State College, PA - Centre County - Central Pennsylvania - Home of Penn State University

We Have Met the Enemy

by on August 13, 2014 6:15 AM

All hell broke loose on the Penn State campus in April 1970.

On the 15th, a peaceful march against the Ordnance Research Laboratory turned into a riot when university President Eric Walker summoned state police to expel protesters from Old Main.

Gov. Raymond Shafer sent in the troopers without their riot gear, thinking it would be less of a provocation. It didn't work. The students were just as provoked and flying rocks injured 28 of the unhelmeted officers. Two dozen students were arrested. The troopers were quartered at Beaver Stadium.

During the next week, protesters, still unhappy with the police presence on campus, smashed windows in the university president's house (where the Hintz Alumni Center is now located) and started fires or smashed windows in several campus buildings. Amid chants of "Pigs off campus," "Power to the People" and "Sieg Heil," eight more students were arrested.

Then came the shootings at Kent State on May 4. Penn State students, faculty and administrators joined together for a memorial service, but there was no salvaging the academic year: The remaining three weeks of classes were canceled; students could attend workshops and discussion groups instead.

Thus ended the eventful 1969-70 academic year. Some other notable moments:

September: The freshman class is so big that some of the newbies have to sleep in shower stalls, laundry rooms and on the Old Main lawn until the university can figure out where to put them, according to the Daily Collegian. Members of Students for a Democratic Society protest "anti-worker, anti-woman and anti-black indoctrination" at freshman convocation.

October: About 4,000 marchers carry candles and sing songs of protest against the Vietnam War. Two students burn their draft cards. Supporters of Mexican farm workers urge students to stop eating grapes in the dining halls.

November: Members of the Black Student Union protest during halftime of a football game. Iron Butterfly plays Rec Hall. Student Betsy Aardsma is stabbed to death by an unknown assailant in the Pattee Library stacks.

December: Female students gain the right to live off campus. John Oswald is chosen to succeed Eric Walker as university president.

January: The Black Student Union complains about a sorority skit featuring performers in blackface makeup. Plus ça change, right?

There was also the normal Penn State stuff: Homecoming Queen elected. Penn State beats Missouri in the Orange Bowl, but finished second in the national rankings.

And then that riotous spring.

I'm calling your attention to what happened here 45 years ago (not exactly a milestone anniversary) because of my friend Richie, who visited last weekend.

You can't tell from Richie's car or his wardrobe that he is a Penn State alumnus. When he comes back to Happy Valley, it isn't to tailgate or watch football or booze it up with his old fraternity brothers. His trip down what he calls "amnesia lane" entails pointing out where the downtown head shops were, where he played Frisbee on the Old Main lawn on Gentle Thursdays, and where the riots took place.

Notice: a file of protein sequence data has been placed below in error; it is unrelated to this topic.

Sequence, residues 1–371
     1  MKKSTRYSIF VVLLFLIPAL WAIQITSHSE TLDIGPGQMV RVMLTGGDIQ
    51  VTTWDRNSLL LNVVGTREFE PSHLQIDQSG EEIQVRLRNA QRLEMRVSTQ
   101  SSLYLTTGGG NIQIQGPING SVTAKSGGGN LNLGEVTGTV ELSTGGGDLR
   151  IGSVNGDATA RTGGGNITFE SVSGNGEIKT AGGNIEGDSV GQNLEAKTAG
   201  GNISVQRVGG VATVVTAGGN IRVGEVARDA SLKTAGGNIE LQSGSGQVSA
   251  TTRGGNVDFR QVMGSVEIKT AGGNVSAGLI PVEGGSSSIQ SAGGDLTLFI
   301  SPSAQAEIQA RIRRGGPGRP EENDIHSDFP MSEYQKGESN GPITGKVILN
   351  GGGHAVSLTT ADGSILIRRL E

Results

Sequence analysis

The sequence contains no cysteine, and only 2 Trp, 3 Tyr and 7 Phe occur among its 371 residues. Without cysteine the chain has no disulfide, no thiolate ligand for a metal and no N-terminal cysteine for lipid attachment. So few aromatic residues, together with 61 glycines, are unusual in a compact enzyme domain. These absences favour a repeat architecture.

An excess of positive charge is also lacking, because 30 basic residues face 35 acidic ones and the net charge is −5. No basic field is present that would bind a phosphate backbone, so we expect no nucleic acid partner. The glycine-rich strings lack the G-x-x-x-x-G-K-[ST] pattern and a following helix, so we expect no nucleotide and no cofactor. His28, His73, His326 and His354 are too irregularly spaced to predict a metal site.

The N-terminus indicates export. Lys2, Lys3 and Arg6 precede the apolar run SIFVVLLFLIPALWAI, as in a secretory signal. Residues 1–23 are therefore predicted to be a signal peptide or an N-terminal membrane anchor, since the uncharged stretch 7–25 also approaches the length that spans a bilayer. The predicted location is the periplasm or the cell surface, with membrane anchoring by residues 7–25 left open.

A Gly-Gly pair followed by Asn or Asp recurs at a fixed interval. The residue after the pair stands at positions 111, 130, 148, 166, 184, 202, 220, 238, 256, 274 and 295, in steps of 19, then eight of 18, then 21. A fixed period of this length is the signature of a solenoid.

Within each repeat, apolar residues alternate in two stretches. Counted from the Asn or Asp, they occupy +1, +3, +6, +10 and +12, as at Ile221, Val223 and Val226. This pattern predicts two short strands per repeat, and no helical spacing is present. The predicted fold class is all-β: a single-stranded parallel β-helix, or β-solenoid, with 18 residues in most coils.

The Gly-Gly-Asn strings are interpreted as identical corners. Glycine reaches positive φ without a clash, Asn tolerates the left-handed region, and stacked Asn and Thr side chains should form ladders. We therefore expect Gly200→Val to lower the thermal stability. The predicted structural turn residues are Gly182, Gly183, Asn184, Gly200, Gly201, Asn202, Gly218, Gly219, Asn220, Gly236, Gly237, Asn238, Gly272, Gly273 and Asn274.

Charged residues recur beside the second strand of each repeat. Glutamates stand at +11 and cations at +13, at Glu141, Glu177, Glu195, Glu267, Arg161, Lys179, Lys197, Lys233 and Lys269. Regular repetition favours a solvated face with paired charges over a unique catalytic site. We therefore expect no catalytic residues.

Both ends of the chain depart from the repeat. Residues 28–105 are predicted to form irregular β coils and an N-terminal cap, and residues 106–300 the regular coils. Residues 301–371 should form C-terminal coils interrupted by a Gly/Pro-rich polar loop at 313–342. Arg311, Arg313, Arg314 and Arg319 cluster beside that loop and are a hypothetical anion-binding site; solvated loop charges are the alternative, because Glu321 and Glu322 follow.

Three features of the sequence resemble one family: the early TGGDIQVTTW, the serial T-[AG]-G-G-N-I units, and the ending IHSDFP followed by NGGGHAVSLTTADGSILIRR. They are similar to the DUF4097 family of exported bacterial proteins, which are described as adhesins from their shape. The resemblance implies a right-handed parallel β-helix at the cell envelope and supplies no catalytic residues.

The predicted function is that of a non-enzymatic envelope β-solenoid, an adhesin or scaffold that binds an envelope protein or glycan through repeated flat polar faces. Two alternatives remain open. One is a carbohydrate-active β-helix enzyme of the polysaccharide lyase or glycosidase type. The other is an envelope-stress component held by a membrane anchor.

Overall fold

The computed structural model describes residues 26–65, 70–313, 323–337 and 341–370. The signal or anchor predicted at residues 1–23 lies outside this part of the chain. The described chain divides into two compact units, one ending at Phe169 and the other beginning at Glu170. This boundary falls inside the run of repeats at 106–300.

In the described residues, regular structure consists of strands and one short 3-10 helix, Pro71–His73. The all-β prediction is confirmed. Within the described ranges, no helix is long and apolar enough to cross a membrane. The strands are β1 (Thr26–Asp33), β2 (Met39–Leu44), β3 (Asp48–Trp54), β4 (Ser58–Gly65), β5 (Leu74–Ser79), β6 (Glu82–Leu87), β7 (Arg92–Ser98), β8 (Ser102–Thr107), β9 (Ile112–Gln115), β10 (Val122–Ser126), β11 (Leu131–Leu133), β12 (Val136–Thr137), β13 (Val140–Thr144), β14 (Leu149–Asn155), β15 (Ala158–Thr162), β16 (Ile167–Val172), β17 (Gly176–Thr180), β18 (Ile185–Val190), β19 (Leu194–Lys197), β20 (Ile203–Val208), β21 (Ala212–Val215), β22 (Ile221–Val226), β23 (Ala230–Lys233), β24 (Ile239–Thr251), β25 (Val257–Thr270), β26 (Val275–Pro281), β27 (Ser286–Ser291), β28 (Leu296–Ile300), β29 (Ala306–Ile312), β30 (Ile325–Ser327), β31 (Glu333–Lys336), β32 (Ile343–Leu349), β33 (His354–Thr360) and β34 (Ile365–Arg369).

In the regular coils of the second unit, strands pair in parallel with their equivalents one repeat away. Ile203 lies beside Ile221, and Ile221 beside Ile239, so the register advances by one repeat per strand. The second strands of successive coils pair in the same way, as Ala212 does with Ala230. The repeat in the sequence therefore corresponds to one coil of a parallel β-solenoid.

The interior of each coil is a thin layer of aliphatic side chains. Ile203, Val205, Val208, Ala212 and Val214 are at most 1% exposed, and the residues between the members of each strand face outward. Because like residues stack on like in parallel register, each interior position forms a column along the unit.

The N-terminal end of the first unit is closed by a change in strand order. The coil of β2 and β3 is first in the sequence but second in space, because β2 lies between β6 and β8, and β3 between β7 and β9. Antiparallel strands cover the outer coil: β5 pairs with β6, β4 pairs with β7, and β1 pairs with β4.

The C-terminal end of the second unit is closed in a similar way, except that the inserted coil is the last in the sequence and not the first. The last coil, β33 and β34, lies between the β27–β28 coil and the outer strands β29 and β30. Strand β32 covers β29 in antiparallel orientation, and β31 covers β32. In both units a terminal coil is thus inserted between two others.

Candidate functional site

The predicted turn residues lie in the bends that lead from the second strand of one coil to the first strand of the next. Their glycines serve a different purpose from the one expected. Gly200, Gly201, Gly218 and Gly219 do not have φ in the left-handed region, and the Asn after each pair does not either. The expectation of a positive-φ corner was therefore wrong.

Richie thought the new Millennium Science Complex was pretty cool, but he was much keener on continuing along Pollock Road to where Penn State's barracks-style dorms used to be, now the site of Nittany Apartments. There, he told us a story.

It was April 1970. He had just returned from the Vietnam War moratorium protest in Washington. He had seen smoke as he drove into town but had no idea there had been a riot on campus. He kicked open the door of the barracks' common area, hoping to make a grand entrance. But instead of being greeted as the conquering hero, he was greeted by a cop who swiveled around and aimed his gun at him.

Richie put up his hands. "Don't shoot, I'm a friend," he said, then proved it by taking the bloody handkerchief the cop was using to stanch his partner's head wound and rinsing it out in the bathroom. The cop never said a word.

Three years later, Rich's parents came to State College for graduation. On the return trip to Philadelphia, his dad fell asleep at the wheel. Their Buick Riviera ran off the road and crashed into a tree.

Everyone survived, but his father was hospitalized. While he underwent treatment, Rich and his mom checked into a motel. A cop came by to interview them for his accident report. He and Richie locked eyes. It was the same trooper who almost shot him at Nittany Barracks. This time, the guy hugged him.

"Until I met your son," the trooper told Richie's astonished mom, "I hated all people with long hair."

"Until I saw blood gushing from your friend's head," Richie said, "I didn't give a crap about cops."

Richie got teary when he told the story. "I know," he said apologetically. "It sounds like a bad movie."

On the contrary, we assured him. It sounded like a good movie.

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A collection of Russell Frank's columns, titled “Among the Woo People: A Survival Guide for Living in a College Town," is available from the Penn State University Press. His columns for won first place for commentary in the 2019 Society of Professional Journalists Keystone Chapter Best in Journalism contest. The winning columns: The Women’s March: Notes from New York, It’s Time to Change the Script and Mixed Messages at Bellefonte High. Frank is a member of the journalism faculty at Penn State. Before launching his academic career, he worked as a reporter, editor and columnist at newspapers in California and Pennsylvania. He is, by academic training, a folklorist (Ph.D., UPenn), which means, when you strip away the academic jargon, that he loves a good story. His views and opinions do not necessarily reflect those of Penn State University.
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